Matt Powers
Matt Powers · August 16, 2022

BOISE, Idaho—It is no secret that the Boise area has become dramatically more expensive to live in over the last few years. Chasidy Decker is a native of the Treasure Valley who was priced out of the roaring traditional Boise real estate market. But she found a way to continue living in the area she calls home: she bought a beautiful tiny home she arranged to park on Meridian homeowner Robert Calacal’s private property for modest rent. But something unexpected got in the way of what should have been a win for everybody: the government. Meridian code enforcement threatened Chasidy and Robert with fines and jail time if she didn’t leave her only home. That is a cruel policy during a housing crisis; it is also unconstitutional. That’s why, today, Chasidy and Robert, represented by the Institute for Justice (IJ), are challenging Meridian’s irrational and arbitrary ban on tiny homes on wheels for violating the Idaho Constitution.

“Everyone needs a place to live, but the City would rather have Chasidy be homeless than live in a tiny home parked on private property,” said IJ Attorney Bob Belden. “That’s not just wrong, it’s unconstitutional.”

Chasidy grew up in the Treasure Valley and left temporarily in 2019 to help her mom out after her grandfather died. But she always wanted to move back home. After she left, the Boise area became one of the areas hardest hit by the housing crisis, with housing prices increasing 118 percent between the first quarter of 2017 and 2022; that’s more than double the national increase of 50 percent over the same time period. Luckily for Chasidy, she had already bought her tiny house on wheels and had been living in it while helping her mom. All she had to do was find a place to park it. Chasidy searched for months and eventually found that Robert would let her park it on his property for $600 per month plus about $100 per month for utilities.

The day after Chasidy moved into her 252 square foot home on Robert’s property, a Meridian code enforcement officer told Chasidy she had to move out. The officer said that while Chasidy was allowed to park her home on the property indefinitely, she could not live in the home. When Chasidy pointed out that other people in the neighborhood were living in RVs, tiny homes, and similar vehicles, the code enforcement officer claimed that other neighbors are allowed to live in them because they have been there a long time, whereas Robert recently arrived from California.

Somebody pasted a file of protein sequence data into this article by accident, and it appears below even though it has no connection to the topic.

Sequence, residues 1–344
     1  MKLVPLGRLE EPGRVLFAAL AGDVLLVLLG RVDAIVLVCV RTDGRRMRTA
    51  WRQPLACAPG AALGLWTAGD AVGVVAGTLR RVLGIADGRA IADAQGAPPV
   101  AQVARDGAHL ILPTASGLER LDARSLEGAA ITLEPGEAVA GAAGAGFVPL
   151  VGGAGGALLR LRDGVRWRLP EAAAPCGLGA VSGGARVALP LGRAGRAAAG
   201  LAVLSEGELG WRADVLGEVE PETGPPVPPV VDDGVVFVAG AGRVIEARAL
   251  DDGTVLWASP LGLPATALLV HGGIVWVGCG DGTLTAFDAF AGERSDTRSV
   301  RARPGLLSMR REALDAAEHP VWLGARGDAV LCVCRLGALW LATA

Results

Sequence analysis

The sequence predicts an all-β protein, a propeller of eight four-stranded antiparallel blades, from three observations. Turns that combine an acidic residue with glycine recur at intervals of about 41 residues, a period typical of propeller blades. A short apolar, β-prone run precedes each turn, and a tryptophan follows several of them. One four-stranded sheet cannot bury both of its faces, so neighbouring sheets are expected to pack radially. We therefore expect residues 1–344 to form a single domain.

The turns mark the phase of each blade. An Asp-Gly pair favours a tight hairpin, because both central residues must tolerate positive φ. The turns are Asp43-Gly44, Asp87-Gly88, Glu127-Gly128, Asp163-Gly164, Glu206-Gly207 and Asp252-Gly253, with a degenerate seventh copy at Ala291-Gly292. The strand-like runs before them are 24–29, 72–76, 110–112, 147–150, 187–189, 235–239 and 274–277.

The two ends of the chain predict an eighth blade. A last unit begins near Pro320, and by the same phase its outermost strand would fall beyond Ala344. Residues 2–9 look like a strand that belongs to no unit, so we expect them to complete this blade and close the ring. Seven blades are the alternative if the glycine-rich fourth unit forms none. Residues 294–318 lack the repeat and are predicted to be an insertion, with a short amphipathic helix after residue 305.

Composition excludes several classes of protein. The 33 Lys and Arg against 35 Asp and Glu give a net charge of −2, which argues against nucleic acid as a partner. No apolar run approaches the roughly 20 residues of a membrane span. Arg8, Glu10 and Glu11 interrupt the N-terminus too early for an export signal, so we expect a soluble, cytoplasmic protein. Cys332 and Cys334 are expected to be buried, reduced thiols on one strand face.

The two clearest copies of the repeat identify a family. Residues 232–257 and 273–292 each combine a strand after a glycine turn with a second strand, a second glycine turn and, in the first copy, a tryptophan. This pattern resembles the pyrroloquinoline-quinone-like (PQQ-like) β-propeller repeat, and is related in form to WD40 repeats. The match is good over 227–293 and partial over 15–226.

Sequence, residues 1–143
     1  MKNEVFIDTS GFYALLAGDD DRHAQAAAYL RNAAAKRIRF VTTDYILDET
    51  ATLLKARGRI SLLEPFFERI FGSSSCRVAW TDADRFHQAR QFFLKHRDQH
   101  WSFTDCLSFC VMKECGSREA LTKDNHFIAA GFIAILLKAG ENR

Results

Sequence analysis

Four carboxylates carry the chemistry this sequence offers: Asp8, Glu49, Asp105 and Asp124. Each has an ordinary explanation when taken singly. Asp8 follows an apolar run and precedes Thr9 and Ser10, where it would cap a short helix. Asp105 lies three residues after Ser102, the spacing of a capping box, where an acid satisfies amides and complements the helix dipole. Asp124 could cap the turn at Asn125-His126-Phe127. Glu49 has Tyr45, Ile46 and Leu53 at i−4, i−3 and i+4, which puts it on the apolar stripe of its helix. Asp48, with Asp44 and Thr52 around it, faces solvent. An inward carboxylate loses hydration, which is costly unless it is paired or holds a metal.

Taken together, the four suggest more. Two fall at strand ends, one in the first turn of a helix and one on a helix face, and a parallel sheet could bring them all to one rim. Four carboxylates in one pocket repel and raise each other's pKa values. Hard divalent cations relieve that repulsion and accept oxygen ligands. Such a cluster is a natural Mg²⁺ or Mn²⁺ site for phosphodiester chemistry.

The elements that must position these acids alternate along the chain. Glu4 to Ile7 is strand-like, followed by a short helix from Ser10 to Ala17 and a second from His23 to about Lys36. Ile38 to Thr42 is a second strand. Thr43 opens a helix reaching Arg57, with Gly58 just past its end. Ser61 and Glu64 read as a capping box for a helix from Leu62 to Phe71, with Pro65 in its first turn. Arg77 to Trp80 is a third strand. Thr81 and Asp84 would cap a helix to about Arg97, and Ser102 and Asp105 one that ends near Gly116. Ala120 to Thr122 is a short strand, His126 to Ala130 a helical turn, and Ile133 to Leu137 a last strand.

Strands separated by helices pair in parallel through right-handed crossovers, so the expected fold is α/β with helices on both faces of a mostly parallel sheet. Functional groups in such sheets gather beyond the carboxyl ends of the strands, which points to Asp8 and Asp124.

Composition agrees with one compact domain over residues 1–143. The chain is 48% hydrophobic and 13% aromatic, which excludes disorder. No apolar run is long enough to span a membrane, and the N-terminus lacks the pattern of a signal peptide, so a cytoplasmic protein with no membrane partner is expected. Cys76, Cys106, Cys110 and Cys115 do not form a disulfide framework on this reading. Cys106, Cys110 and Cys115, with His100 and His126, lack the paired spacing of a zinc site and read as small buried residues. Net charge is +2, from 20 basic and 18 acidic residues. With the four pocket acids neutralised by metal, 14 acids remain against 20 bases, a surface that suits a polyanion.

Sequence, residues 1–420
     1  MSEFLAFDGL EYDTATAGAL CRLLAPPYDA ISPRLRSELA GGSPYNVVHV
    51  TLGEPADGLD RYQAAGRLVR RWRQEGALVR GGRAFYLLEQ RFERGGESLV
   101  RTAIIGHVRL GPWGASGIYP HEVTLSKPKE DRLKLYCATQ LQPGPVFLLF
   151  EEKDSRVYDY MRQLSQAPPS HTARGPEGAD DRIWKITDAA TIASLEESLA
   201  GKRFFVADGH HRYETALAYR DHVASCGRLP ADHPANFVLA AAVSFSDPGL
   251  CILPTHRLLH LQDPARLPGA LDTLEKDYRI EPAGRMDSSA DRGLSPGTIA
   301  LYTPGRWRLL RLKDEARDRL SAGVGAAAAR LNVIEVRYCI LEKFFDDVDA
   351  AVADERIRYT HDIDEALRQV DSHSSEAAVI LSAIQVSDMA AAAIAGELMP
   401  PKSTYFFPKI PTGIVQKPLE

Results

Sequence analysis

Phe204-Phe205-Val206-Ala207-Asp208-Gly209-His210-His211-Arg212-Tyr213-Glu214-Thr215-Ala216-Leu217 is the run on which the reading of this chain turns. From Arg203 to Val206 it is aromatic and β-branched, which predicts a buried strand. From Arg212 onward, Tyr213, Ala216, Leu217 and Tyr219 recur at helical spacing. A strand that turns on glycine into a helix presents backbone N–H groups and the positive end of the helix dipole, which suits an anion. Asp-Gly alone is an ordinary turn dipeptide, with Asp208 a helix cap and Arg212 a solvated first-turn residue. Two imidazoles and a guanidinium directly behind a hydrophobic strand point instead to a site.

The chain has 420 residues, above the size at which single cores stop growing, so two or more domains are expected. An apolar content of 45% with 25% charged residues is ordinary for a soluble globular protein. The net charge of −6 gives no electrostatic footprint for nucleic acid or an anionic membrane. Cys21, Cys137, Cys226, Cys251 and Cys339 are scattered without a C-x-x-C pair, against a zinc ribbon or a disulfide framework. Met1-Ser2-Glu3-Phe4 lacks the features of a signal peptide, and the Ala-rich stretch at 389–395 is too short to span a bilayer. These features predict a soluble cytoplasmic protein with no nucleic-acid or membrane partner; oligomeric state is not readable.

“It’s ironic this is happening,” said Chasidy. “I chose to live in a tiny home to ensure I always had a roof over my head and now the city is making me homeless.”

The Idaho Constitution requires all laws to have a legitimate government interest. But Meridian’s ban has none—Chasidy’s home is perfectly safe, which Meridian conceded when they encouraged her to move it to an RV park to live in. The city also can’t argue that her home would somehow affect the appearance of the neighborhood since her tiny home is perfectly legal to keep where it’s parked—she just can’t live in it. Chasidy’s tiny home also fits right into her neighborhood, which has many RVs and trailers, several of which are always hooked up to traditional homes.

After Chasidy was confronted by code enforcement and told she had to leave her tiny home, she told her story to the Idaho Statesman. But the City’s Code Enforcement Officer did not like how the article made him look, and he angrily confronted Chasidy about it. After the article, the officer also cited Chasidy and Robert for trivial parking and vehicle violations. The Idaho Constitution protects free speech and prevents exactly this type of retaliation by government officials. 

“At a time when so few housing options are available to low- and middle-income Americans, why is the city’s zoning ordinance further reducing such options?” said IJ Senior Attorney Dan Alban. “Cities should be making it easier for residents to find affordable housing, not more difficult.”

IJ has successfully challenged arbitrary laws that prohibit people from using their property in ways that people have always used their property: to grow vegetables on their front lawn, to run small home businesses, and to bake and sell food from a home kitchen. Currently, IJ is fighting a zoning law that bans the construction of tiny homes in a small Georgia city, as well as a zoning law prohibiting an Arizona woman from living in an RV on her own property. IJ stands ready to fight government contributions to the housing crisis, and help property owners fight increasingly intrusive and irrational regulations.